Salentein is a leader in cultivating global awareness of the emerging premium wineries of Argentina. A new vision of quality —with plantings of classical varietals, preservation of old vines, application of European artistry, and advanced technology— is yielding world-class wines.
The Salentein estate consists of 2,000 hectares (4,942 acres), 700 hectares (1,124 acres) of which are planted to grapes in three estate “fincas”. The fincas, where grapes are grown at a range of altitudes among the highest in the world, are irrigated with pure mountain run-off, which creates lower pH in the grape, resulting in higher acidity, more color in the wine, and greater ageability.
Dennis Koelewijn (cool-wine) passion for wine started while working in a wine shop in Amsterdam, The Netherlands while still in college. During that time he also started traveling extensively to visit as many wine regions as possible, from South Australia, Burgundy, Rhone, South Africa to Napa Valley. After that he spent several years representing South African, Australian and US wines for Great Grapes, a wine importer in The Netherlands. After moving to California, he had several positions with import and distributing companies. Representing Salentein Family of wines for the US market has given him the opportunity to exercise all of his experience in importing and distributing wine, and be a part of a dynamic family owned company with tremendous opportunity in the United States.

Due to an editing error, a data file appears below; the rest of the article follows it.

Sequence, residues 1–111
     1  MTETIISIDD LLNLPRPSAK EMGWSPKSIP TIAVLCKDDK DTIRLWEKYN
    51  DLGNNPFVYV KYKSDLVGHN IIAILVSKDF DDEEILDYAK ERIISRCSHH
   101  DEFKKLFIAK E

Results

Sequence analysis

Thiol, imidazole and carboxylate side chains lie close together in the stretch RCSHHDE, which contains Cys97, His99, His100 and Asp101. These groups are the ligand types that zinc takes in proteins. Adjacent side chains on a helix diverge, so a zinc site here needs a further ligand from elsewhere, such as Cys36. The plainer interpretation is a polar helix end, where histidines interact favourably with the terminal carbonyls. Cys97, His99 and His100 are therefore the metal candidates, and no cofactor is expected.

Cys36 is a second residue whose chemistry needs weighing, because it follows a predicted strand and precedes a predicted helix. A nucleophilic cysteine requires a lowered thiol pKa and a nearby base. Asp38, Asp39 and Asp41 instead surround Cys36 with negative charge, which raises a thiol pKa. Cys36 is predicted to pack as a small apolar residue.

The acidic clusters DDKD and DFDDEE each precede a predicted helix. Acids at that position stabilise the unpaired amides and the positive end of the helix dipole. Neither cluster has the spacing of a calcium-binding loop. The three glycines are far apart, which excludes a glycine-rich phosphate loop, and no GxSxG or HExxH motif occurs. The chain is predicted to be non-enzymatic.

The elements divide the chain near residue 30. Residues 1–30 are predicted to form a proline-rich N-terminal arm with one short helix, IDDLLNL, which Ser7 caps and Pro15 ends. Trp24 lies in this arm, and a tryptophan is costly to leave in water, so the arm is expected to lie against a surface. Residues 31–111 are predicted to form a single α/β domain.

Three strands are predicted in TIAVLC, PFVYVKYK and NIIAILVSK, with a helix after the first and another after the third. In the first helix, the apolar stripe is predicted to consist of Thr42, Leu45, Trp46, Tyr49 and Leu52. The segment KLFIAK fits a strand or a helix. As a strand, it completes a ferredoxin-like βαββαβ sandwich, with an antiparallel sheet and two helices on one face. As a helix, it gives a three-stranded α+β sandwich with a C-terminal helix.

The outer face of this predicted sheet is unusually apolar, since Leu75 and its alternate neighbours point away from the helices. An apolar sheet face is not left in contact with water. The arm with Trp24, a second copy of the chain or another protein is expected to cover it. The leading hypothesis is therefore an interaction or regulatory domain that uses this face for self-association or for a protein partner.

Cortez Seafood + Cocktail
“The Cortez isn’t an ordinary seafood restaurant. It surprises and delights at every turn.” Greg Cox, News & Observer
Cortez is a fresh seafood and small plates experience with a freshly kept selection of tropical cocktails that draw on our food memories, travels through the years, and Mexican-American heritage. Executive Chef Oscar Diaz’s menu is a reflection of his weekly walks through the farmer’s market and the bounties brought in by our local fishermen. The beverage menu is rounded out with rotating craft beers and a curated wine list.
Oscar Diaz was raised in Chicago and initially tried to cook straightforward Mexican food in the South. The 36-year-old classically trained chef re-examined his approach after too many customers said he wasn’t doing their queso dip right, a dish Diaz had never heard of until he moved to Raleigh.
“So instead of me being all bitter about people saying, ‘You can’t do this and that,’ I decided that I was going to put my fingerprint on something,” Diaz says. “So I started to mix grits with masa [the corn dough that serves as the base for tortillas and tamales]. It got us thinking.”
Ibarra and Diaz found so much success with Jose and Sons that they were able to open the Cortez, an ambitious, seafood-focused restaurant, late last year. They now see themselves as ambassadors for their prismatic view of the South. “I’m repping not just the restaurant; I’m repping Raleigh,” Diaz says. “I’m repping Latino culture and American culture. I’m repping the South.”